1. Social networks
Examples: Facebook, Twitter, LinkedIn
Why people use these networks: To connect with people (and brands) online.
How they can benefit your business: Let us count the ways. Market research, brand awareness, lead generation, relationship building, customer service… the list is pretty much endless.
Social networks, sometimes called “relationship networks,” help people and organizations connect online to share information and ideas.
While these networks aren’t the oldest type of social media, they certainly define it now. These channels started as relatively simple services—for example, Twitter was the place to answer the question “what are you doing?” and Facebook was where you might check the relationship status of that cute Economics 101 classmate.
Now, and especially since the rise of the mobile internet, these networks have become hubs that transform nearly every aspect of modern life—from reading news to sharing vacation photos to finding a new job—into a social experience.
If you’re not using these core networks yet as part of your social media marketing plan—or if you’re looking for ideas to improve your existing strategy—you’ll find a wealth of usable information in our guides to Facebook, Twitter, and LinkedIn.
2. Media sharing networks
Examples: Instagram, Snapchat, YouTube
Why people use these networks: To find and share photos, video, live video, and other media online.
How they can benefit your business: Like the major relationship networks, these sites are invaluable for brand awareness, lead generation, audience engagement, and most of your other social marketing goals.
Media sharing networks give people and brands a place to find and share media online, including photos, video, and live video.
The lines between media sharing networks and social networks are blurring these days as social relationship networks like Facebook and Twitter add live video, augmented reality, and other multimedia services to their platforms. However, what distinguishes media sharing networks is that the sharing of media is their defining and primary purpose.
While the majority of posts on relationship networks contain text, posts on networks like Instagram and Snapchat start with an image or video, to which users may decide to add content like captions, mentions of other users, or filters that make you look like a bunny.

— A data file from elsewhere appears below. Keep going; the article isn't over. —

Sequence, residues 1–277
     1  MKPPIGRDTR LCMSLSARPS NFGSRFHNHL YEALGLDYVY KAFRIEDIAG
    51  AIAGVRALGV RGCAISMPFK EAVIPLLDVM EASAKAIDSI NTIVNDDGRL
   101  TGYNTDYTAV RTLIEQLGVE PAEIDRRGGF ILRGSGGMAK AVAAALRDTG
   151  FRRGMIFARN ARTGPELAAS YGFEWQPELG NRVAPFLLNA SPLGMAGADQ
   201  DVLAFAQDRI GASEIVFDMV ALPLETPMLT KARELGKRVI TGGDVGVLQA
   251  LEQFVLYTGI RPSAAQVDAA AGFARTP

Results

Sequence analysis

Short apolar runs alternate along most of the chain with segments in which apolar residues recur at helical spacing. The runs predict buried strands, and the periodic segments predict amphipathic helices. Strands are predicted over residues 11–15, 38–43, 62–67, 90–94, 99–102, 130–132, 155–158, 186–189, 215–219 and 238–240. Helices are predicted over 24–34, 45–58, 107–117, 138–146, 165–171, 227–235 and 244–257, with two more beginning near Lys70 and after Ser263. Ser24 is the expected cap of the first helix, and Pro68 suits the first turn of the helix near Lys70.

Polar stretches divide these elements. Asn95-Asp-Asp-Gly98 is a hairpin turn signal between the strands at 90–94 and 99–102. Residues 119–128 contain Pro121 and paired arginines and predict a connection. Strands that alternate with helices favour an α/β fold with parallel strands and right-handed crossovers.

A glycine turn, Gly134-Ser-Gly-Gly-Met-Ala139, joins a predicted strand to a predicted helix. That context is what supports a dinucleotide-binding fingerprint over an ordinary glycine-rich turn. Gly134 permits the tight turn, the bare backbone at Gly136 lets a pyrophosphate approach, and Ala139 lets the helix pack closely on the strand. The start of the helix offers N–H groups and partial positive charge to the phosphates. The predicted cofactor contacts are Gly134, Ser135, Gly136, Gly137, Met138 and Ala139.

Similarly, on sites such as YouTube and Vimeo, video is the primary mode of communication.
When determining whether or not your business needs to establish a presence on a media sharing network, it’s important to consider your available resources. If there’s one thing the most successful brands on platforms like YouTube or Instagram have in common, it’s a thoroughly planned mission and carefully designed media assets, usually following a specific theme.
To increase your business’s chances of success on media sharing networks, see our guides to marketing on Instagram, Snapchat, YouTube, and Vimeo.
3. Discussion forums
Examples: reddit, Quora, Digg
Why people use these networks: To find, discuss, and share news, information, and opinions.
How they can benefit your business: These networks can be excellent resources for market research. Done right, you can also advertise on them, though you’ll need to be careful to keep your ads and posts separate.
Discussion forums are one of the oldest types of social media.
Before we connected to our first university friends on The Facebook, we discussed pop culture, current affairs, and asked for help on forums. Take a look at the wide reach and massive user numbers on forums such as reddit, Quora, and Digg and you’ll see that the public’s thirst for collective knowledge and wisdom remains unquenchable.
These are the sites where people go to find out what everyone’s talking about and weigh in on it—and users on these sites generally aren’t shy about expressing their opinions. While social relationship networks are increasingly implementing measures to reduce anonymity and create a safe space online, discussion forums generally allow users to remain anonymous, keeping some of the “wild west” feel that used to define the online experience.